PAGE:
WordPress (this blog) is constantly being brute forced by bots that scan the internet looking for weak passwords. I wanted to better visualize these attempts. Here’s how I did it with Splunk.
After the massive phish targeting Google accounts this week, I’ve had some people ask me how to make sure their Google account is secure. Luckily, Google has built in some great features that help you assess your account security and keep it safe.
If you suspect someone has hacked your account, just changing your password is not enough. There are ways a hacker can maintain access to your account even after you change your password. Follow the below steps to review the state of your account.
Felix Rusu from lowpowerlab.com has created an amazing library for the Arduino/ATMega platform to use cheap RFM69 wireless modules for wireless transmissions between nodes. For a list of all the features, see his readme: https://github.com/LowPowerLab/RFM69. His Moteino platform and library are perfect for roll-your-own home automation systems, which is just what I am doing!
However, in my mind the library was lacking one critical piece – being able to prevent wireless replay attacks. Using Felix’s library, RFM69 transmissions can be encrypted in hardware, but the receiving node had no way of verifying that the incoming transmission was from a legitimate node and should be processed. If an attacker captured a sensitive packet as it flew through the air, such as one to open your garage door, they could replay it at a time of their choosing and trick your home automation system into opening the door.
TomWS on the lowpowerlab forum and I did some brain storming and he proposed modifications to the base RFM69 library to virtualize some functions, allowing them to be overloaded to create ‘extensions’. Using his modification, I wrote a transmission session key extension.
More after the break…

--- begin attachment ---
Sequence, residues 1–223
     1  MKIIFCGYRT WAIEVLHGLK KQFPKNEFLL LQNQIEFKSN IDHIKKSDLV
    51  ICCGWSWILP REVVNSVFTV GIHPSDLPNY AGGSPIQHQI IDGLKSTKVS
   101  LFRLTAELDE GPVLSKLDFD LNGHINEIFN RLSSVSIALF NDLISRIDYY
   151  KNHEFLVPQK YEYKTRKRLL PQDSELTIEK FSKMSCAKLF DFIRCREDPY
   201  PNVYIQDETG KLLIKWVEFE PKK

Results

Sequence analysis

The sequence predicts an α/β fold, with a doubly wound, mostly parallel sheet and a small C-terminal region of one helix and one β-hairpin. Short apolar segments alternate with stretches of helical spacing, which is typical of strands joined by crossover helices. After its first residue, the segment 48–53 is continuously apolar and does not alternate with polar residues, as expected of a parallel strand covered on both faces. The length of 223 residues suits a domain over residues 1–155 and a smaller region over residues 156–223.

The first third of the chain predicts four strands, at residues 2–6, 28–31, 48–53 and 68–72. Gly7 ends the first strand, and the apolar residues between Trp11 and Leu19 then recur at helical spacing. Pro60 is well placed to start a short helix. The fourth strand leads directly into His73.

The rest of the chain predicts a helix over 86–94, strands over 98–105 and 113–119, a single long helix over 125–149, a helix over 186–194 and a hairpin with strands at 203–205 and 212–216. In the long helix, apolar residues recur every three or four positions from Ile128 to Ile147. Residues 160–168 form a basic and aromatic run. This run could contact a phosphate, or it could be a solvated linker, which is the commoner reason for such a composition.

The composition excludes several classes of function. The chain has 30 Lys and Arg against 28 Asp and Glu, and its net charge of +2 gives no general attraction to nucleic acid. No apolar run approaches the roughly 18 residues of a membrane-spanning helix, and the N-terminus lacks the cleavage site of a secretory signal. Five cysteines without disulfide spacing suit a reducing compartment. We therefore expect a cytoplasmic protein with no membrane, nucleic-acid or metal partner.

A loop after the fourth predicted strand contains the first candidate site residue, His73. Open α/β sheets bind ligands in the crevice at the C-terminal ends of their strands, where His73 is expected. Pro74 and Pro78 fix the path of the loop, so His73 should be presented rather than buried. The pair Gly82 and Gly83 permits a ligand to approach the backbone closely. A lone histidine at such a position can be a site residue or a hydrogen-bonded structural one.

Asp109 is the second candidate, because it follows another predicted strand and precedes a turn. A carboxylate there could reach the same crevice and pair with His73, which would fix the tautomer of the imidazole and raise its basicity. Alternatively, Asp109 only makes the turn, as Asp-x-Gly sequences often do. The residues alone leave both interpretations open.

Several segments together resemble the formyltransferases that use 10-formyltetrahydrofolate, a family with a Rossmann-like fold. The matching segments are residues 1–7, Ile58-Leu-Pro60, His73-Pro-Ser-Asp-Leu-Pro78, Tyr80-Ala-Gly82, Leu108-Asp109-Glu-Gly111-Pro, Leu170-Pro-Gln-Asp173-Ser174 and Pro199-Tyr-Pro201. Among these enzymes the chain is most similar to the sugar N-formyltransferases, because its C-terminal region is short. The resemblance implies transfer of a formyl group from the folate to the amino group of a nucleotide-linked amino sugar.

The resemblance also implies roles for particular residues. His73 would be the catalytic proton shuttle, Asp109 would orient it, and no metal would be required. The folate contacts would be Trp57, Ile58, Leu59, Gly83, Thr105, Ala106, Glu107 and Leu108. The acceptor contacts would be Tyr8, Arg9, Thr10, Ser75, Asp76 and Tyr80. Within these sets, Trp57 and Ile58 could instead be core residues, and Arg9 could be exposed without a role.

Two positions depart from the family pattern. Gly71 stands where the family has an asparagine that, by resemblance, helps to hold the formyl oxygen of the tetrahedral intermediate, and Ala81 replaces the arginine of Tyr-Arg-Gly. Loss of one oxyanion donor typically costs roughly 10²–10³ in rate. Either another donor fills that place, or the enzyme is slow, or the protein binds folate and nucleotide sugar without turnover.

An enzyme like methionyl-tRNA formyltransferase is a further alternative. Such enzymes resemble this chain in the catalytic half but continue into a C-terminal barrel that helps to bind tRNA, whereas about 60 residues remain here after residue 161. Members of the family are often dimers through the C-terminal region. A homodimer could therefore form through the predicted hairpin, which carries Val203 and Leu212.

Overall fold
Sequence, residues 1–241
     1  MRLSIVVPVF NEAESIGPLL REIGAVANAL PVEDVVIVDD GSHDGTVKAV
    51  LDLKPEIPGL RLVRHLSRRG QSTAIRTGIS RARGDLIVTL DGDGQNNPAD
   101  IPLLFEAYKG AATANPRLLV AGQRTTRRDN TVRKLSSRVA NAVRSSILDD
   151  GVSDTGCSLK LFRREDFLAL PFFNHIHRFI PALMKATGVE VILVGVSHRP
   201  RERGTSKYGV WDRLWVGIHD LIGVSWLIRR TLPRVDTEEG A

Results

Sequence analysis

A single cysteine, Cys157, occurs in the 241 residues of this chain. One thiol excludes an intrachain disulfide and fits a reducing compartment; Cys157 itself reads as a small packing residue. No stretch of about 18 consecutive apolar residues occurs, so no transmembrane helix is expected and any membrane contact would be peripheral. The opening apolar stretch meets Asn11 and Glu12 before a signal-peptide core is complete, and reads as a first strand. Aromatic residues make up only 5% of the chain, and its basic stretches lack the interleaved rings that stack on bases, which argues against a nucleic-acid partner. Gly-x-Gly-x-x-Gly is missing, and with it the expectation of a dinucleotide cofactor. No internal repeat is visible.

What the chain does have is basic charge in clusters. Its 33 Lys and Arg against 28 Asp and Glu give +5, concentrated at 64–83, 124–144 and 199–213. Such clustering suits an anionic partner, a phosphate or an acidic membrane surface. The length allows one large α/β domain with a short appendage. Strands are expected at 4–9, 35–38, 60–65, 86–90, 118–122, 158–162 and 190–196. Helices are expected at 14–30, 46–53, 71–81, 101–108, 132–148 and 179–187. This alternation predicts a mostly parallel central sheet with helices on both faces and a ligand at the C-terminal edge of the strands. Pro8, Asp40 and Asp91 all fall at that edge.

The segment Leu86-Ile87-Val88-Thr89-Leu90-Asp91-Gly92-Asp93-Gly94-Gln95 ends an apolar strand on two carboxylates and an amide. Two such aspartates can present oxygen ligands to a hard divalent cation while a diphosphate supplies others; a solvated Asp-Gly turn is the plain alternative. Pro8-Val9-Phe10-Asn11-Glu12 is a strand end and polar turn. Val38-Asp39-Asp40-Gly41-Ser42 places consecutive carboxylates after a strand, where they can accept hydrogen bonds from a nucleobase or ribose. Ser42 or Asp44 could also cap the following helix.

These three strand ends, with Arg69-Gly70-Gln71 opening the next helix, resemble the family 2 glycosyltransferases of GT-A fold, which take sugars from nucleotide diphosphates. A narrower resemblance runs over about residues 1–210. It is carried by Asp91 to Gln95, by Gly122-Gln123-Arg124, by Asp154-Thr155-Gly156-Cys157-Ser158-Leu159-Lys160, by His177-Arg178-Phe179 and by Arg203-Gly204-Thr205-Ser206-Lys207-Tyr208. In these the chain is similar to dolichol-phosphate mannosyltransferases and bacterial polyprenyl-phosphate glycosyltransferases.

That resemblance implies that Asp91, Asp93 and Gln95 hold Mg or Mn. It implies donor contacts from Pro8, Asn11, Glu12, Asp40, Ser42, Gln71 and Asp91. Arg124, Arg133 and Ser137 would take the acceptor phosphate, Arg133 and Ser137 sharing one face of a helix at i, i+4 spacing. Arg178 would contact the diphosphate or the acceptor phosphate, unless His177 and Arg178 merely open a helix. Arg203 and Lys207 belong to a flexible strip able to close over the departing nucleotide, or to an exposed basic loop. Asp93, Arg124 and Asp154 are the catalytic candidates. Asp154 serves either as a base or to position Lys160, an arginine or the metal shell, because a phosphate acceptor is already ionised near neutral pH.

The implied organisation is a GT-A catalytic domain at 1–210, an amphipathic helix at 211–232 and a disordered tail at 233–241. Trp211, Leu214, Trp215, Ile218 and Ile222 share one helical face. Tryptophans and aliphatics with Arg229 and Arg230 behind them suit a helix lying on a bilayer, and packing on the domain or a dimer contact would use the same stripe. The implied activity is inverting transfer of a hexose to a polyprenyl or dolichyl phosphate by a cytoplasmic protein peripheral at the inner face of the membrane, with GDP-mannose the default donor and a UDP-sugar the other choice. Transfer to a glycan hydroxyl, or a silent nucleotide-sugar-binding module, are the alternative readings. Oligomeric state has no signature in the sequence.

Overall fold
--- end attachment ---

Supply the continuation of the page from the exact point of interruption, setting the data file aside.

To me, encryption of data at rest is just as important as encryption of data in transit. You never know if someone is going to break into your house and steal your computer. With so much personal information like financial data and pictures stored on the computer, it could be a major mess to recover from theft of your computer. (Of course, always keep an off-site backup for the really important stuff!)
I chose to migrate from the Solaris based OpenIndiana to Ubuntu. I had grown to love ZFS on OpenIndiana and didn’t want to lose its features. Luckily ZFS on Linux is now ready for prime-time! Unfortunately, ZFS on Linux is a few versions behind the official Oracle ZFS just like all other third part implementations of ZFS and does not support native encryption through the filesystem.
SSL’s primary function on the Internet is to facilitate encryption and trust that allows a web browser to validate the authenticity of a web site. However, SSL works the other way around too – client SSL certificates can be used to authenticate a client to the web server. Think SSH public/private key pairs, if that is familiar to you. In this blog post I will outline the steps to create a certificate authority certificate, sign a server certificate and install it in Apache, and create a client cert in a format used by web browsers.
EDIT: This post was originally written for Kali 1.0 in 2013. It was not tested on any later version.
I started this post with Backtrack, but since Kali Linux came out yesterday, I figured I would update the instructions to use the latest and greatest!
Thug is a low-interaction honeyclient put out by The Honeynet Project. The purpose of a honeyclient is to emulate a web browser when viewing malicious websites without actually visiting the page in a vulnerable browser. It can then follow redirects, pull down malware, and emulate browser plugins to pull down any of the malicious code trying to be served up to victims. You can read more about Thug here and here.
I’ve been hearing great things about the Security Onion project. It bundles up a whole bunch of great tools that can be used for Network Security Monitoring (NSM) so I thought I would give it a try on my home network. After all, next time the fiancé gets malware, it could be helpful to know what happened…
Cookies are used to store a variety of shared state information between your browser and a web server. The most common use for cookies is to maintain your session state, since HTTP in itself is a stateless protocol.
The SSLv2 protocol is an obsolete version of SSL that has been deprecated since
1996 2011 due to having several security flaws. Current standards (2016) are SSL 3.0 and TLS 1.0TLS1.0-1.2 with SSL being fully deprecated, however, a common finding in Nessus scans of web servers SSLv2 is still enabled. IIS through v7 and Apache with OpenSSL prior to v1.0 have it enabled by default.